Things are starting to happen for US hardcore band American Standards in awareness and stature, though the Arizona quartet have been brewing up a fine reputation ever since forming a few years back. Their Still Life EP pulled strong attention towards the band with its exciting blend of punk and noise rock within the hardcore intensity whilst their live performances have made the four piece one of the most talked about and thrilling proposition emerging from the US rock underground. Recently signed to Victory Records we thought we should learn more about the band, their music, and their promising to be explosive future. Thankfully bassist Corey Skowronski was more than happy to help our exploration of American Standards and let us in on a secret or two.
Hi Corey and thanks for sparing time to let us find out more about yourselves and the band.
First of all simply introduce the band for us and tell us about the origins of American Standards.
American standards started a few years back in 2010 and in the course of two and a half years we’ve really come along way.
How did you all meet?
With the new line-up we’ve all met through mutual friends and playing shows together.
Was punk and hardcore the music which you grew up to or did you have a wider ‘soundtrack’ to your informative years which your music does suggest?
Growing up punk was a genre of music I was heavily into and other than that just old metal but for the most part I listened to a little bit of everything. If it sounded good to me I’d listen to it.
What was the spark to actually decide to start the band?
For me personally it was always something I wanted to do, to play in a band. I had quit the job I was working at the time in 2010 and was ready for something new that’s when I decided that I would commit to the idea and the dream and begin looking for people to start a band with, and here we are now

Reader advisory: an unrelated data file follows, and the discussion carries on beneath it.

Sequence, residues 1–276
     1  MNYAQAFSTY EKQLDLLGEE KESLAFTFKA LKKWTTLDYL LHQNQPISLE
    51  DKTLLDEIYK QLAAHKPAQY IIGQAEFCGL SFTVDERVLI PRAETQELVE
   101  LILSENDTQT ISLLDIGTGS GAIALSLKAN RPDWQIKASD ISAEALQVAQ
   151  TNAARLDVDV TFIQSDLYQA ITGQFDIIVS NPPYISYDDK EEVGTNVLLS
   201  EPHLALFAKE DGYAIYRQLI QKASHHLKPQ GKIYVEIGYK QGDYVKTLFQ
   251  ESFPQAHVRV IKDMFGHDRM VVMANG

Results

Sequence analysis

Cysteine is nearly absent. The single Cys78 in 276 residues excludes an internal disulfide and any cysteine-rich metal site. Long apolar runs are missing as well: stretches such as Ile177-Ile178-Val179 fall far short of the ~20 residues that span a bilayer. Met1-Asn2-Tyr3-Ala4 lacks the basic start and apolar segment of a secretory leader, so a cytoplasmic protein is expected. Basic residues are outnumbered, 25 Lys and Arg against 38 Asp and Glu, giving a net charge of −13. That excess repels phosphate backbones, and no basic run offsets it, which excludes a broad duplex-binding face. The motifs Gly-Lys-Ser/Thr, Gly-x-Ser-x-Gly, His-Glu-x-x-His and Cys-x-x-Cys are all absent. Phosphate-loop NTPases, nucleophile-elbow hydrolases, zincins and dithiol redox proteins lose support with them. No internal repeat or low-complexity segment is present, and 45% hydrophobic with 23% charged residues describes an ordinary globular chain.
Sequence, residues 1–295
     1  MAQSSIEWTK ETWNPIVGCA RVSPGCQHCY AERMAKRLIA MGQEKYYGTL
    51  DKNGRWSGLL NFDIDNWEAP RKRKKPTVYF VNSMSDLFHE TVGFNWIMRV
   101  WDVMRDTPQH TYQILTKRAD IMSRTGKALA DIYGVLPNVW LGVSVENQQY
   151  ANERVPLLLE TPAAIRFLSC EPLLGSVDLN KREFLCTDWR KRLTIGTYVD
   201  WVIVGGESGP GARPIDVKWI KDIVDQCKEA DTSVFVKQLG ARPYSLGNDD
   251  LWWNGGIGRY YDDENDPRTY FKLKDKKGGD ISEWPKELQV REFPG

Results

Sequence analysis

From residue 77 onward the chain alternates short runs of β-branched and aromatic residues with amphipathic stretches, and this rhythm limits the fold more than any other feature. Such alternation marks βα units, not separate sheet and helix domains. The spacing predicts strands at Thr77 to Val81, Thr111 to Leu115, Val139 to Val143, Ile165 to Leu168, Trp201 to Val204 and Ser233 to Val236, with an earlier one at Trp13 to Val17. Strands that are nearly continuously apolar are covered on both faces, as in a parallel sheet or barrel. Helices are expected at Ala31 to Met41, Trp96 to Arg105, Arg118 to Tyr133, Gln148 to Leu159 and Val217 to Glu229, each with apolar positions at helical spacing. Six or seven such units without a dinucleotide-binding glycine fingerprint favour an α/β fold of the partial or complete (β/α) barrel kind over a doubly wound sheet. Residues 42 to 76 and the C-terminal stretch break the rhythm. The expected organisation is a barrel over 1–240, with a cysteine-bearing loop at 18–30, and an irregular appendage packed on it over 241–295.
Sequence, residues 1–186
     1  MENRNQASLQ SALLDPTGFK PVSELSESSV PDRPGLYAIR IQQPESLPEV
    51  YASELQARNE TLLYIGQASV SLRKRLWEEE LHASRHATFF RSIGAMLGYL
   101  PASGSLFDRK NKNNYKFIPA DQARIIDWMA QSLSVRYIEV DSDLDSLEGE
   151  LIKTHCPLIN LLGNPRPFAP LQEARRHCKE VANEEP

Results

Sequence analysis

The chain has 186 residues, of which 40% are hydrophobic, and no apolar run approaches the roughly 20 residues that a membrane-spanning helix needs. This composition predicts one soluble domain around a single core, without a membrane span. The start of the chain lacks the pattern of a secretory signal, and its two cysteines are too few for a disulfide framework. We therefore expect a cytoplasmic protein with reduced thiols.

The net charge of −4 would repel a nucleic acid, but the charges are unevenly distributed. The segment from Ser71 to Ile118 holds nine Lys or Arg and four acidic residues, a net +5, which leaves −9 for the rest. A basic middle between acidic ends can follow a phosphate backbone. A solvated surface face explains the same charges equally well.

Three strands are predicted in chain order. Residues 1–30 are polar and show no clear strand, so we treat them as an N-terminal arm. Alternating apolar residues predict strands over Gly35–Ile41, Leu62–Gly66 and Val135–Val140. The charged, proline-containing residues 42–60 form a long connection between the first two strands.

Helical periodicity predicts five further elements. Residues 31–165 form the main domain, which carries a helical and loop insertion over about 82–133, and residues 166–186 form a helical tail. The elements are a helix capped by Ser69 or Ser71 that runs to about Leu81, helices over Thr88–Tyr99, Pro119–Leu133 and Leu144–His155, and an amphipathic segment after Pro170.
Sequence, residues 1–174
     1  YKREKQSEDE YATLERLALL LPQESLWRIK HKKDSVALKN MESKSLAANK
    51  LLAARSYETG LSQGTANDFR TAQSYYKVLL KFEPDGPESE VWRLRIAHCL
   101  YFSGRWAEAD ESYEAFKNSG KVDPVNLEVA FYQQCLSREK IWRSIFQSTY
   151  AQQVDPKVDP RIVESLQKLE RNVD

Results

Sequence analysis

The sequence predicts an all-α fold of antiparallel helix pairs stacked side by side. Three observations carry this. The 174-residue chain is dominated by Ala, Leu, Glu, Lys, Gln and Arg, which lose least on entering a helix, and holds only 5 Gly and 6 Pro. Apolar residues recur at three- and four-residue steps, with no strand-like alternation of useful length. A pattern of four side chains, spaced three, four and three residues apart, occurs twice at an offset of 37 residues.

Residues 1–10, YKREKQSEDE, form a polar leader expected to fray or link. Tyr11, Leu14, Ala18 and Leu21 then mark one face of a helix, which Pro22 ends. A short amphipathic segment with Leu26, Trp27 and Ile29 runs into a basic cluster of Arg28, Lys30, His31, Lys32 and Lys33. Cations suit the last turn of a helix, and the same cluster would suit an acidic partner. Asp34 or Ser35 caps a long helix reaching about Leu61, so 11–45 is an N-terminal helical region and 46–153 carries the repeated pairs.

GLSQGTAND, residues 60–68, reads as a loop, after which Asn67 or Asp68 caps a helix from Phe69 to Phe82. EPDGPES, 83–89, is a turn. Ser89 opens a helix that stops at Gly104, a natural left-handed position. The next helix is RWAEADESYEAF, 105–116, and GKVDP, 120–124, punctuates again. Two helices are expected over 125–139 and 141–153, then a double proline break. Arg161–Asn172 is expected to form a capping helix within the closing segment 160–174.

You come from Phoenix, Arizonia, apart from the obvious names coming from the city like Jimmy Eat World, The Bled, and Job For A Cowboy, is there a vibrant bed of punk and rock talent in the more underground scene?
Everyone that I know of in bands from here has talent that needs to be heard. There’s all the band that we help with and are close to like Your Young, Sleepwalker, The Last March Of The Ents. Then there’s the old Column III dudes and Lariats of course.
Many bands say their home town/city has influenced or made a big impact on their music, is it the same for American Standards?
Honestly I don’t feel that at all. We write music that we like to play and as far as actually playing here, yeah there are people that are in the scene and care but for the most part it ain’t what it used to be…
Last year you released your excellent Still Life EP how did you find the recording process and what did you learn from it which will impact on future recordings?
Me personally I like to write the song, record it, listen to it, then add or take things out that don’t fit. That’s the time to kind of experiment, in my eyes, with all the ideas you have for that song that you have accumulated over the whole process.
I feel that we did do that for the Still Life EP and with J & M they were totally cool with that. The one thing I think we will try now with the new stuff is to get everyone involved in the experimenting with ideas stage so every song has something from everyone and it shows.
Talking of recordings you are working on your debut album I believe?
Sort of…Geoff and Brennen our drummer and guitarist are stepping down but we are having Mike Cook of Your Young drum and Craig Burch of The Last March of the Ents play bass. I’ll be swinging over from bass to guitar and am very stoked. The songs we have recorded right now are going to be released as an EP titled The Death of Rhythm and Blues and after that we’ll then start on the all new full length.